For smaller firms, selecting the right plan is especially important. Your benefits are a valuable tool for attracting and retaining top talent. By offering a strong plan, you send a message to your employees and to your competitors.
Nearly 15,000 workplace plan sponsors and their 21 million participants1 continue to be protected through Fidelity’s information security technologies and recently earned ISO 27001 certification.
To help you take full advantage of Fidelity Stock Plan Services' Reporting platform, we offer a variety of support services including: an enhanced support model, expanded training curriculum, access to our reporting experts via onsite training and report modification services.
A larger percentage of today's successful corporations are increasingly conducting business overseas in search of growth opportunities — and their human resources and employee benefits practices are adapting to this expanding dynamic.
In Fidelity’s analysis of workplace savings plan data,1 contributions to health savings accounts (HSAs) have been shown to correlate with higher defined contribution (DC) retirement plan savings rates.
In early 2013, Fidelity commissioned a research study among employees eligible to participate in high deductible health plans (HDHPs) with health savings accounts (HSAs) to explore their awareness and understanding of this investment and savings vehicle.
The Affordable Care Act (ACA) will open up health care access to millions of previously uninsured Americans. What effect will this have on your employees and your health care program?
A 65-year-old couple retiring in 2013 is estimated to need $220,0001 to cover medical expenses throughout retirement according to Fidelity's latest retiree health care costs estimate. This year's figure represents an 8% decrease from last year's estimate of $240,000.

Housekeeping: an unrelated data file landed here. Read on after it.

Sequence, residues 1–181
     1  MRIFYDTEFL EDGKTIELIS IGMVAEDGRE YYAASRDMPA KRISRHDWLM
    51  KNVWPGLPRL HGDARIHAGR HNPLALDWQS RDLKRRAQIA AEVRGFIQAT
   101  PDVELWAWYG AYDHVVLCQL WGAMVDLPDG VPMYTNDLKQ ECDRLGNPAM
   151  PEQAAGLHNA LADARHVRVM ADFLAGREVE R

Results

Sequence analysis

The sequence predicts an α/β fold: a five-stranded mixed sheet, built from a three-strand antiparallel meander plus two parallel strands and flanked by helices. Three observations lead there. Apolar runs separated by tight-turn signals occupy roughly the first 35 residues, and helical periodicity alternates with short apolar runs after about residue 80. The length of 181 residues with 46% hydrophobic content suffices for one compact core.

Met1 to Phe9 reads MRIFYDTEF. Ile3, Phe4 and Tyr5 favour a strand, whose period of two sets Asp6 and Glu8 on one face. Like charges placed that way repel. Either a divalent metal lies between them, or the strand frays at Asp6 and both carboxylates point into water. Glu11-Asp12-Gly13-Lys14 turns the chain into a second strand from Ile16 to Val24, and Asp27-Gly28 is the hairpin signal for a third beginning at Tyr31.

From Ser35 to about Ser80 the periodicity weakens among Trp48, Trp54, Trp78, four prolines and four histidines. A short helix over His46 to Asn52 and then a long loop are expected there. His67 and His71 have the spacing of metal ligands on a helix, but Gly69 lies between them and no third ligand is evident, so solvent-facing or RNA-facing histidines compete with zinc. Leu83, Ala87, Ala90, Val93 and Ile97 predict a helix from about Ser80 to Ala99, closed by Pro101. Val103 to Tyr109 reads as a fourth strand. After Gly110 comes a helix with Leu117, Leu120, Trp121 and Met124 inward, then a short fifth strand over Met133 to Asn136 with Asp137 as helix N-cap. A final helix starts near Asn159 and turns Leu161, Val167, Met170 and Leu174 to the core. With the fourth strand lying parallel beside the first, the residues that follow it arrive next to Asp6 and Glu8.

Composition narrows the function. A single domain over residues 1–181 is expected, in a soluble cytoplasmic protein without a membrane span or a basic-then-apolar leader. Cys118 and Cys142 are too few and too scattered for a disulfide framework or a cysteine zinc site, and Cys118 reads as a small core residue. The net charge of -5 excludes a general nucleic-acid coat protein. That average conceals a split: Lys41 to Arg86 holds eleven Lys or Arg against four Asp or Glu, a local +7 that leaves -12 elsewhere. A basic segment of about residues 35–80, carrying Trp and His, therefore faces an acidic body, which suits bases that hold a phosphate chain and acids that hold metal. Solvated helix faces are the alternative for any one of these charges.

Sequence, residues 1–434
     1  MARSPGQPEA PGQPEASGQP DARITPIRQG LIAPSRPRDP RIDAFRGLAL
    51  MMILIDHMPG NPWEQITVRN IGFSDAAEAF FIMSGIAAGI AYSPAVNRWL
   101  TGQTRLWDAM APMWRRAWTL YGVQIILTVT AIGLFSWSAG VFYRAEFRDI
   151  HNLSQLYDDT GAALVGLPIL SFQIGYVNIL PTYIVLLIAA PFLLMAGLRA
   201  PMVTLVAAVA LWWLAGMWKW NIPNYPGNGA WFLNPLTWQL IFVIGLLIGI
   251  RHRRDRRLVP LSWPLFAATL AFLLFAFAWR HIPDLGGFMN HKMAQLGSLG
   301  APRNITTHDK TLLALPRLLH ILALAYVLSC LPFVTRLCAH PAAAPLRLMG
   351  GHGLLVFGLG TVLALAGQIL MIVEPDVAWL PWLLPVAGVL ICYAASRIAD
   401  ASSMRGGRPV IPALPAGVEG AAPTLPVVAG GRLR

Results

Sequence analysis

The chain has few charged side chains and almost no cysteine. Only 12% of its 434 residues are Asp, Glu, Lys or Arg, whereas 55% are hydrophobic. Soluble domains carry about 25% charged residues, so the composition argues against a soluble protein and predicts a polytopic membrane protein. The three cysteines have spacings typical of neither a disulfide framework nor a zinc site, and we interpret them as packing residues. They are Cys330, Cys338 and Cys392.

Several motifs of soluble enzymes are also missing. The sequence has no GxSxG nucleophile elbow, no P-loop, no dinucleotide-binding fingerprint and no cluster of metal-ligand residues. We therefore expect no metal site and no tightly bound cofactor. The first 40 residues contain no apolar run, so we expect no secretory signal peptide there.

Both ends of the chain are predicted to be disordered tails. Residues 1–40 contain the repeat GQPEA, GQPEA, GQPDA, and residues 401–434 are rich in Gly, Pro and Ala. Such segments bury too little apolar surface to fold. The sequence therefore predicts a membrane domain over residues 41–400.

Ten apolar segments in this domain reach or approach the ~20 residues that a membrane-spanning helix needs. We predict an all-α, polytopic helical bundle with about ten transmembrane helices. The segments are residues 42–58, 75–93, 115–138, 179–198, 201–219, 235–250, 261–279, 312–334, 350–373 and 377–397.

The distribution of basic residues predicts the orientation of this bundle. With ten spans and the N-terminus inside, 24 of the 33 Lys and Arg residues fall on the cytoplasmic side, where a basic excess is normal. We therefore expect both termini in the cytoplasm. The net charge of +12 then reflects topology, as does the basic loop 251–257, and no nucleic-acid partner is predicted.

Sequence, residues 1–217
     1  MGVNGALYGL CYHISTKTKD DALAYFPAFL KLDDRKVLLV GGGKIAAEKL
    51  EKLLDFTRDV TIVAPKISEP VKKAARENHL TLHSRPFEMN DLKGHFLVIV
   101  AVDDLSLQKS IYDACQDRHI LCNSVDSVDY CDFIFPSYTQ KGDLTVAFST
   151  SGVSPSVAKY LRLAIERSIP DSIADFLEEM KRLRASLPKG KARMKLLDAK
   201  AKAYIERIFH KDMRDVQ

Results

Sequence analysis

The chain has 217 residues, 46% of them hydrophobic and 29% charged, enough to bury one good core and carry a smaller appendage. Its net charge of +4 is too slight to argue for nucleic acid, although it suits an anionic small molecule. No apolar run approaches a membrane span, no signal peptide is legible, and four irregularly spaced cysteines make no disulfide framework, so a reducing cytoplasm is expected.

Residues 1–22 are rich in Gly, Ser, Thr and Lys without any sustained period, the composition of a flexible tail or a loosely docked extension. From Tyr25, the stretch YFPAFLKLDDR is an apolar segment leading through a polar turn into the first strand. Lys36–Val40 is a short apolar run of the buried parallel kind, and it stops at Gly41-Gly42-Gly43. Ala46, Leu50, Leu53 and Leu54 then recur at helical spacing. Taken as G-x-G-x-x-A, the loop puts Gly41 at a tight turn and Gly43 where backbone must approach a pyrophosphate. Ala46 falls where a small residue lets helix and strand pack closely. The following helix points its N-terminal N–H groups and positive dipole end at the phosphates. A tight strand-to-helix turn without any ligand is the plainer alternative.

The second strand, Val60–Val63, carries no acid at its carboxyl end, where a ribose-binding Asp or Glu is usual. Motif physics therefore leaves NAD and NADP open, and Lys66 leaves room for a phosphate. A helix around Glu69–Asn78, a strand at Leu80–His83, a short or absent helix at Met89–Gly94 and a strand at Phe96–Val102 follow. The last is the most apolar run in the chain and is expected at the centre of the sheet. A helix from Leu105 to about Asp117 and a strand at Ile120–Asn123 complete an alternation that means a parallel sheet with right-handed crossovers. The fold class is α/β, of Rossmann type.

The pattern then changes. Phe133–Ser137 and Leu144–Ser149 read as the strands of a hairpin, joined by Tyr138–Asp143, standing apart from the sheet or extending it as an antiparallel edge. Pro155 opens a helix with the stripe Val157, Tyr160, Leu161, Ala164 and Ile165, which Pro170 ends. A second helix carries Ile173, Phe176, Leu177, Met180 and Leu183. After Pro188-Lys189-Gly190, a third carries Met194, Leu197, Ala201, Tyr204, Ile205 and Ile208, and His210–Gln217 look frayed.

Although many organizations now offer high-deductible health plans (HDHPs) paired with health savings accounts (HSAs), many Americans are still unfamiliar with them.
Fidelity Investments and the National Business Group on Health (NBGH) recently conducted a joint survey to identify key trends and issues in health improvement.
As employers continue implementing provisions of the Affordable Care Act (ACA), their attention has turned to the excise tax being imposed on some portion of high-cost employer-sponsored health care coverage beginning in 2018.
Many organizations now offer HSA-eligible health plans—such as high-deductible health plans (HDHPs)—paired with health savings accounts (HSAs). However, many Americans are still reluctant to enroll.
Although many organizations offer high-deductible health plans (HDHPs) paired with health savings accounts (HSAs), many Americans are still unfamiliar with them.
As employers contemplate any new health exchange, they need to consider the costs and benefits of each approach—and fully understand the potential impact on related strategies for managing their health plan expenses.
As more organizations look for ways to save on health care expenses, high-deductible health plans (HDHPs), coupled with Health Savings Accounts (HSAs), have emerged as a unifying vehicle that can help employers and employees alike.